Oh, he’s attracted to her, and he indulges her beyond what’s reasonable–such as taking her into some of the poorer and more dangerous areas of London–but there are a couple of exchanges between them that made my blood boil² and made it difficult for me to understand what Clara found attractive about him.

And then, seemingly all of a sudden, I realized that I was completely invested in this relationship.

A few random, out of context quotes, may explain why:

She turned away from the window, sat back, folded her arms, and met his gaze. “Oh, good,” she said, “drama.” (Clara to Raven, Chapter 6)

She said, “I’m not going to ask if you are done being hysterical. It would be plain to the meanest intelligence that you’ve stored up years of that article, and it’s bound to break out at intervals.” (Clara to Raven, Chapter 7)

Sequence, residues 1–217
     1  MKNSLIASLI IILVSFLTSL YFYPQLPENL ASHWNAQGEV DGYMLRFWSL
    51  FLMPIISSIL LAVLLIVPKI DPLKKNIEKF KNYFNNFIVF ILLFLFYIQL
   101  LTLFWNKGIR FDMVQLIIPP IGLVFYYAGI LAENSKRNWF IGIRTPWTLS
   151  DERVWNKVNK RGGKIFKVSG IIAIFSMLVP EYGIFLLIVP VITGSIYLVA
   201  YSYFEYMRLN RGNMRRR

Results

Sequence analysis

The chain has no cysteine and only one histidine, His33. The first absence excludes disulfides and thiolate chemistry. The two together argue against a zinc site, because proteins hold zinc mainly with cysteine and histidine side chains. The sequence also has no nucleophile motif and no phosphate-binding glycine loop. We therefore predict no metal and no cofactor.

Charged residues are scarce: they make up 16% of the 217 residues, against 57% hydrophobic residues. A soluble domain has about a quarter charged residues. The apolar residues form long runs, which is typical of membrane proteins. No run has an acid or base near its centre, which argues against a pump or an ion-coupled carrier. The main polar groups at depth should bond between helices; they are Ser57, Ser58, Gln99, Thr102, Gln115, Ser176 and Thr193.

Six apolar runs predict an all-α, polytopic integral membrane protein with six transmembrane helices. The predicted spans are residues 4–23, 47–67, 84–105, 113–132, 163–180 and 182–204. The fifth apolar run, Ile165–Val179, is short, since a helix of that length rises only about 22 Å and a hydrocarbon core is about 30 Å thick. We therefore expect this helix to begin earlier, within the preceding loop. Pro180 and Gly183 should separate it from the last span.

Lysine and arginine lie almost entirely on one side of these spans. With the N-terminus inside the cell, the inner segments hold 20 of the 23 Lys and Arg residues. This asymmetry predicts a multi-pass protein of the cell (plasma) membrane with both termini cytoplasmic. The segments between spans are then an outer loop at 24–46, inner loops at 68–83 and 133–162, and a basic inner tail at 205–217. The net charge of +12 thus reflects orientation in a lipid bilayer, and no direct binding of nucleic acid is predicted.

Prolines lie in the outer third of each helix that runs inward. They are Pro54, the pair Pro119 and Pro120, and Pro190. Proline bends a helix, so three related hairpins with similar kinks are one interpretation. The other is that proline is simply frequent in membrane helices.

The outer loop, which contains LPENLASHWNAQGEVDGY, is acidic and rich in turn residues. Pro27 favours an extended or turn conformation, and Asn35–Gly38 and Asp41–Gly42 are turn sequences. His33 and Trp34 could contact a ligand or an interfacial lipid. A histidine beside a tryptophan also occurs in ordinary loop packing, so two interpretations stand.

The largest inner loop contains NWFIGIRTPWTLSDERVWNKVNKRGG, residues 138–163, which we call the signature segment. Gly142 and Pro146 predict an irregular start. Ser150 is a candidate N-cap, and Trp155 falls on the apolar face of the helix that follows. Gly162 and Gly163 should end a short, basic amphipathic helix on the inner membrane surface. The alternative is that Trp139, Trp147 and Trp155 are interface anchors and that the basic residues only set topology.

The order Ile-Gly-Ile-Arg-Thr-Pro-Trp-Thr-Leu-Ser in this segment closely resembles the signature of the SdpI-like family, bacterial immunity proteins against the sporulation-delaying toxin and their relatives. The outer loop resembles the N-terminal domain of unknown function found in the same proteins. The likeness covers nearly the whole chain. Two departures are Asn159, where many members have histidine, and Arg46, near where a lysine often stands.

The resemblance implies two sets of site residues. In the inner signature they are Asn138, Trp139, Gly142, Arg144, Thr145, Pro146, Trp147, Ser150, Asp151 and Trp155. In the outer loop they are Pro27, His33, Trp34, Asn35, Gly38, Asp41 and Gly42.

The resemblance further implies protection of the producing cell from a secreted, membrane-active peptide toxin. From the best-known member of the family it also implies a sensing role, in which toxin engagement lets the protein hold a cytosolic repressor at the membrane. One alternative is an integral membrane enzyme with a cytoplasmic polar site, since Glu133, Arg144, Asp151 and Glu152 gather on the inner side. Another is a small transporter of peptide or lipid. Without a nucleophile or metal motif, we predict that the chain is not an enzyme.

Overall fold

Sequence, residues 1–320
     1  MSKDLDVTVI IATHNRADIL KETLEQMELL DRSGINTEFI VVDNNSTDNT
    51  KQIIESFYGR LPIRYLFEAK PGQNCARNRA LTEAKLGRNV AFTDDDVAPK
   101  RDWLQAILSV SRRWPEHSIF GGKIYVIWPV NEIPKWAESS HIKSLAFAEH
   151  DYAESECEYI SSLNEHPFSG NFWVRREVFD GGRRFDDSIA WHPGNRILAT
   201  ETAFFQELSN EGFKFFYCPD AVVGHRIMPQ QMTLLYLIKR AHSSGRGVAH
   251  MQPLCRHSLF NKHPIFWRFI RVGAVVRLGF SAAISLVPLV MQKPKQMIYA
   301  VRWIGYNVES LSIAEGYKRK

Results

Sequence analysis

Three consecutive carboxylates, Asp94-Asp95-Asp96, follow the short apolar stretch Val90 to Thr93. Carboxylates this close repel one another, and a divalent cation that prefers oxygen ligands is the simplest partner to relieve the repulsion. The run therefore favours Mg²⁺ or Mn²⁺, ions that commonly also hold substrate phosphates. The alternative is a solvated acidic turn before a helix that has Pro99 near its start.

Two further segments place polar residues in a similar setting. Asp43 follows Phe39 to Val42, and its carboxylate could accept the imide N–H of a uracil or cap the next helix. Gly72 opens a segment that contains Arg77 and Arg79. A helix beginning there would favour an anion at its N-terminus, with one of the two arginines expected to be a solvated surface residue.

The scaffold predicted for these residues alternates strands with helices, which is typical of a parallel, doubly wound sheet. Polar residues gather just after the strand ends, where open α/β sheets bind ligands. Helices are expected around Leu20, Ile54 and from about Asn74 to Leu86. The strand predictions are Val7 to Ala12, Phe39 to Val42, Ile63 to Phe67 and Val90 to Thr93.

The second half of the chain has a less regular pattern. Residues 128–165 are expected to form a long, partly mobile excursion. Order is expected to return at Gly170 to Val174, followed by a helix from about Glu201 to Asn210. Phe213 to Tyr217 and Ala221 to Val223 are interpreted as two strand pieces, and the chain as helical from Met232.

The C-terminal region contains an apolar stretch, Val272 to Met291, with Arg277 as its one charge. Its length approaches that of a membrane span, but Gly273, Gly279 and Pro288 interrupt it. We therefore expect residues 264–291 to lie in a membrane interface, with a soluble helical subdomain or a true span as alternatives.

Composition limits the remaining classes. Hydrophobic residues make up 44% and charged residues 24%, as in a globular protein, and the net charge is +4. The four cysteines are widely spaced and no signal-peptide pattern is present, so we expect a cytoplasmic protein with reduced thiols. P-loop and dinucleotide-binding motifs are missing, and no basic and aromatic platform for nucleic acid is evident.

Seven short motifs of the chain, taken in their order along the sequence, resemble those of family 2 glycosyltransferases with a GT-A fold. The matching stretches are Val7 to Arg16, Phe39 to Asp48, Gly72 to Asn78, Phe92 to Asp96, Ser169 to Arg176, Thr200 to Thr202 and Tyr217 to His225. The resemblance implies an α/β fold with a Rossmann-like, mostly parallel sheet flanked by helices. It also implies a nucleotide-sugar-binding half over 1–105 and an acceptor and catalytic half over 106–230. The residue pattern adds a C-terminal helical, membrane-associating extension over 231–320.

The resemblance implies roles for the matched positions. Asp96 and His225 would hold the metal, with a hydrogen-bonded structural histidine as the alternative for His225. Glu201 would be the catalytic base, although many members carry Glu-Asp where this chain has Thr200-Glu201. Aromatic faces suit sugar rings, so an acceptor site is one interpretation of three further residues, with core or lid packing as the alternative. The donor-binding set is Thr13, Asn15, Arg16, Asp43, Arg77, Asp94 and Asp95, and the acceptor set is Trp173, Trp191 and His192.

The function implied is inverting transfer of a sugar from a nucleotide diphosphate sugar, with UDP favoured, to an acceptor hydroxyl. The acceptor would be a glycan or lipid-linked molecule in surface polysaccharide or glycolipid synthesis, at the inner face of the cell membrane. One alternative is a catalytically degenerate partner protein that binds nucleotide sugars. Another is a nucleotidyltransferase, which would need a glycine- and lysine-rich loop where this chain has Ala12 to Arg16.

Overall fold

“And you are not at all provoking, I suppose.”

“Yes, I am,” she said. “But you like it, sir Genius. From his lofty intellectual heights, the Great God Raven looks down upon me with amusement. Don’t pretend you don’t. I see your mouth twitch. I see the glint in your beady avian eye. Why can’t you laugh like a normal person?” (Chapter 9)

“Despair not, o queen of all realms of my life” (Raven to Clara, Chapter 16) 

The dialogue throughout is wonderful; smart, fast, witty. And these two talk to each other, even when they fight, they listen. The growth of the relationship, from attraction, to like, to caring, to love, it’s just lovely.

Finally, there’s competence porn. We are not just told that Raven is good at what he does, we see it. We are not just told that Clara has been raised to occupy a high social position, we see her assess the people and situations around her, and act accordingly.

Dukes Prefer Blondes, despite what I consider an unfortunate title,³ gets a 9.25 out of 10.

~ * ~

¹ All three Dressmakers book are in the digital TBR archive of doom–because of course they are.